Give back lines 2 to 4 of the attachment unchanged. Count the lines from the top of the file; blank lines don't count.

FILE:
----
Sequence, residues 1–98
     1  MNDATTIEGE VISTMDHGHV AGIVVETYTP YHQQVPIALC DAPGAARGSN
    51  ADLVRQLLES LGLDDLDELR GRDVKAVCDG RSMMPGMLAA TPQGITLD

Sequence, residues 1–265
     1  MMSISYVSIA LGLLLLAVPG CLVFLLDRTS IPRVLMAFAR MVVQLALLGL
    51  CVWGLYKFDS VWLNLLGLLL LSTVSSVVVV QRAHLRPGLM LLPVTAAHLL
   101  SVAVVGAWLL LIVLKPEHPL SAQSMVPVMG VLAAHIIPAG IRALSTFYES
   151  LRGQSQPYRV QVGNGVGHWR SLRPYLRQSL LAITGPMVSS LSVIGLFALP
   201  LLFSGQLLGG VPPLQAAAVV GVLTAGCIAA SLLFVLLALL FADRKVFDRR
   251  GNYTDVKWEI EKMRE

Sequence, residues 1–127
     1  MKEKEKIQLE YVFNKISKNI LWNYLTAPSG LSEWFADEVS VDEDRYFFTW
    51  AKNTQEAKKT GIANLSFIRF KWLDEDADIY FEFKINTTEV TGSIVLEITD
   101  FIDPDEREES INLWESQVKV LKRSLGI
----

     1  MNDATTIEGE VISTMDHGHV AGIVVETYTP YHQQVPIALC DAPGAARGSN
    51  ADLVRQLLES LGLDDLDELR GRDVKAVCDG RSMMPGMLAA TPQGITLD

Sequence, residues 1–265